The razor sharp Trocar tipped Goldtip hit the stag low and behind the shoulder with a satisfying thwack, passing clean through in an instant! The big buck bucked and took off, the rest of the herd milling around confused, not entirely sure as to what had happened, the mortally wounded stag meanwhile ran in a large semi-circle, only to come to a stop close to where he had taken the shot, he stood on unsteady legs for a few moments before toppling over. From receiving the deadly shot to going down took less than 15 seconds, with the majority of the herd still standing around, confused as to what had happened to the stag, even after more than 20 years as a bow hunter it never ceases to amaze me just how lethal the bow and arrow can be.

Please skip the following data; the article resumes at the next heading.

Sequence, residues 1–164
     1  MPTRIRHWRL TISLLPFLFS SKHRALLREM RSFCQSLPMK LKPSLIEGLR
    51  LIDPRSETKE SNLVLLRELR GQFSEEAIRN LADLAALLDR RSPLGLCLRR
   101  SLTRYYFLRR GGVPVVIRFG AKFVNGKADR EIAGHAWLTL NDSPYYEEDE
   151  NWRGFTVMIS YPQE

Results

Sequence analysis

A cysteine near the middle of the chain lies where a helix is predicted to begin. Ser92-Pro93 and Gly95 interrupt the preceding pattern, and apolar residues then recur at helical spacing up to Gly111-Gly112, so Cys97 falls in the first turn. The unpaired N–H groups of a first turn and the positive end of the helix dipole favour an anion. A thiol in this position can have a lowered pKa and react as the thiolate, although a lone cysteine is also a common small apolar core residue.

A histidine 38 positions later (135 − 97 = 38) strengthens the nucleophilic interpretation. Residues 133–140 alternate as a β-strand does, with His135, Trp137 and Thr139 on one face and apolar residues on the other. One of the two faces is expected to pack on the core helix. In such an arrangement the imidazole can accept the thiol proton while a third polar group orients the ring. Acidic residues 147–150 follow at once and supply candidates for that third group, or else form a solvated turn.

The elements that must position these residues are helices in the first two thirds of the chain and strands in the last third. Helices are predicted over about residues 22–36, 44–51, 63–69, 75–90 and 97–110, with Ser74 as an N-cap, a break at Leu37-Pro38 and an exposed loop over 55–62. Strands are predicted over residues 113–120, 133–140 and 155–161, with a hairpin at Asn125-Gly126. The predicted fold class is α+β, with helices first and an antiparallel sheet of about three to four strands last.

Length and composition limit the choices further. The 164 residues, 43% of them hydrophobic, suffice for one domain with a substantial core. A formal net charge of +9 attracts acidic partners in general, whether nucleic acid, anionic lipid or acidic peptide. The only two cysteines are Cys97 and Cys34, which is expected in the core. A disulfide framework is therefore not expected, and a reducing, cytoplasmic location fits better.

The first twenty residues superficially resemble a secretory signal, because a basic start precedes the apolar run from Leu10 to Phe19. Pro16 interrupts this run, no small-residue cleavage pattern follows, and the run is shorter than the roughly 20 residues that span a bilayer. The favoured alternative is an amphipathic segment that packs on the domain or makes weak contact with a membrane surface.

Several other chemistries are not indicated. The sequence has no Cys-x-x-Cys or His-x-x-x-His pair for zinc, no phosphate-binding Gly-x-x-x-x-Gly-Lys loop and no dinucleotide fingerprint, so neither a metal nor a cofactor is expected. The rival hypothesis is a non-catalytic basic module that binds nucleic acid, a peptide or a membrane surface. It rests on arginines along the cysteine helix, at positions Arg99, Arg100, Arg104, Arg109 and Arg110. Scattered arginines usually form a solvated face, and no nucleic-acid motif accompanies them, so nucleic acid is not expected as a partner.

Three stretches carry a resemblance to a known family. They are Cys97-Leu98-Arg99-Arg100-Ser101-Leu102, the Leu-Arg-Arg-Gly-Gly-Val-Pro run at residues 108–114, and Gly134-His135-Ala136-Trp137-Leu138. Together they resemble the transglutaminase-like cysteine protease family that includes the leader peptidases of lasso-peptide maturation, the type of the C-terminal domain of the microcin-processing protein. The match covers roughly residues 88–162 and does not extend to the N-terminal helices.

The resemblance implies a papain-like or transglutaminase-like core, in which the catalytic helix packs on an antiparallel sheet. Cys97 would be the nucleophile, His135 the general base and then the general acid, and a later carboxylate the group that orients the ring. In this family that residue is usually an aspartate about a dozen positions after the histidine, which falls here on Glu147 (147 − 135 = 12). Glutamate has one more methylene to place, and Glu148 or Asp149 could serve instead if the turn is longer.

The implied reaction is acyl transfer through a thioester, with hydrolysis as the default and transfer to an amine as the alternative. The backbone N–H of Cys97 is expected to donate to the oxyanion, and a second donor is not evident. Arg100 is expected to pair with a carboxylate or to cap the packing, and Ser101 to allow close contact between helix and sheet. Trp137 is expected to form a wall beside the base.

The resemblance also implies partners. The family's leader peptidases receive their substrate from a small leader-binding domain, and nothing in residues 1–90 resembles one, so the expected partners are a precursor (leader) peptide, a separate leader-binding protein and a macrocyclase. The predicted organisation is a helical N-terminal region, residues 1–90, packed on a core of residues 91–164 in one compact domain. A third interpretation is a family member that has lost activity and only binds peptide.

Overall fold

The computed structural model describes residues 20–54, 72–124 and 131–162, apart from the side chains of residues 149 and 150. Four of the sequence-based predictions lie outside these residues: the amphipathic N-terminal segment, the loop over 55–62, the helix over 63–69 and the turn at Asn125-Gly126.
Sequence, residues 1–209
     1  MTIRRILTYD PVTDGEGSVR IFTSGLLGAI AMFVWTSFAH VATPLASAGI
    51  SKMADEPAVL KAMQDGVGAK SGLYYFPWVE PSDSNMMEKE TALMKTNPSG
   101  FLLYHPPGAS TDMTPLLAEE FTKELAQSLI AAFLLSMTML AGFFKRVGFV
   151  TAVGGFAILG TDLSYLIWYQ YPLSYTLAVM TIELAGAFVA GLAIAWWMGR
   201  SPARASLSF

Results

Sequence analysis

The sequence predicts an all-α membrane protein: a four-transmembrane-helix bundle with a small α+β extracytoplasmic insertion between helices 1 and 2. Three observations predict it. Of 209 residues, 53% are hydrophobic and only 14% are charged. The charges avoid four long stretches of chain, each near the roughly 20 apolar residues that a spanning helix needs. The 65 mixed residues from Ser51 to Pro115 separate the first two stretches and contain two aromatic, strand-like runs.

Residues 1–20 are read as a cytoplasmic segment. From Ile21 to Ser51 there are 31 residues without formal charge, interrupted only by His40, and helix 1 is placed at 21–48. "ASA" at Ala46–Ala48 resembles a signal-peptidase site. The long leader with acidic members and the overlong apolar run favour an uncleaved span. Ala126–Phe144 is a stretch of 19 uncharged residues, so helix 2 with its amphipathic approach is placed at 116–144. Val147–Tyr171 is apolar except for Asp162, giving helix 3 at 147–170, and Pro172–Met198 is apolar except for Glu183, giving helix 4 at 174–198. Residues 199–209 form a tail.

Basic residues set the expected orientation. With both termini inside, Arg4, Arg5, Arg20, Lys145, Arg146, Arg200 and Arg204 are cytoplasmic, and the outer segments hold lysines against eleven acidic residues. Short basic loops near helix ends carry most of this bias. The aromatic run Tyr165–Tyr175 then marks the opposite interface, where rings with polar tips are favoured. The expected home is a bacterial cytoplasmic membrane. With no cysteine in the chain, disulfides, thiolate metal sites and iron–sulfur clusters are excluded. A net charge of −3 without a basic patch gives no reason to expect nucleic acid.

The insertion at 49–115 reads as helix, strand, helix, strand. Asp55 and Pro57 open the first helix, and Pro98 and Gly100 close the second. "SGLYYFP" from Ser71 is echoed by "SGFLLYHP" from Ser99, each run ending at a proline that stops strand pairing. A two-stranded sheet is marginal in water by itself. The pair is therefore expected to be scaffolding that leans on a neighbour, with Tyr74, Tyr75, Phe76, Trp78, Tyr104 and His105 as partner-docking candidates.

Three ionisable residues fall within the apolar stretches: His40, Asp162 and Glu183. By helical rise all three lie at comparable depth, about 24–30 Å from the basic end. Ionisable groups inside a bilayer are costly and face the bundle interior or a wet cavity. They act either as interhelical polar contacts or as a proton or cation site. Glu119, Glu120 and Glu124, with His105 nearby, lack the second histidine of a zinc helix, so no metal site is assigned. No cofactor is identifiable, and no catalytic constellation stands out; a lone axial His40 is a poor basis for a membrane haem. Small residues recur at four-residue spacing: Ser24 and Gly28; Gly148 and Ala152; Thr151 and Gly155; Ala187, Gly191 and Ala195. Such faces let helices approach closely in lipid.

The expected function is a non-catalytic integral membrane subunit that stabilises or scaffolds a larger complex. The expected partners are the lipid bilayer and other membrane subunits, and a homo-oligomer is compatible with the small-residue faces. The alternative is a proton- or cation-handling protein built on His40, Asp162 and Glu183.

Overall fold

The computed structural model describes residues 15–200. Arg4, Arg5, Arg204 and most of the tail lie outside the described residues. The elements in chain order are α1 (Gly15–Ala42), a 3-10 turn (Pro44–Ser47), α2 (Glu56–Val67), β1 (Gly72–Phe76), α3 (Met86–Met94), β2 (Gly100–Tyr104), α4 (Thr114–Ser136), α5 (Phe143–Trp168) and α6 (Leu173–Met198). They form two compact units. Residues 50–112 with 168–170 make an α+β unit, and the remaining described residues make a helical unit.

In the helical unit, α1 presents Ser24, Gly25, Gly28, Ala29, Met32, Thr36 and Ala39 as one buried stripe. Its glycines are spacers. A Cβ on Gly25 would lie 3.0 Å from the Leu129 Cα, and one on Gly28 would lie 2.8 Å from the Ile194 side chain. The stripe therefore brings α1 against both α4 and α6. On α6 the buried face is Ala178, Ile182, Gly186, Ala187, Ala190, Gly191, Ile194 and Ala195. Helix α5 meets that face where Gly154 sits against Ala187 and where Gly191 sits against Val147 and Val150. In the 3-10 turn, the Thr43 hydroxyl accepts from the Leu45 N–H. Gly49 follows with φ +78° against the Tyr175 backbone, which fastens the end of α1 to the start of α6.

I decided to wait for Abrie before we made our way over to where the stunning stag had taken up its final resting place, he was absolutely beautiful, from his colourful summer coat dappled with a vast number of white spots, to his long and wide straw coloured antlers with their wide palms and numerous points and tines. Some seven years before I had taken another very respectable stag in Mpumalanga, yet I couldn’t help but admire this stag as we were setting it up for the traditional trophy photos, my stag had the perfect balance of antler height, palm width and numerous long tines. I was ecstatic with my trophy and will be ever thankful to Abrie for guiding me onto this stellar trophy.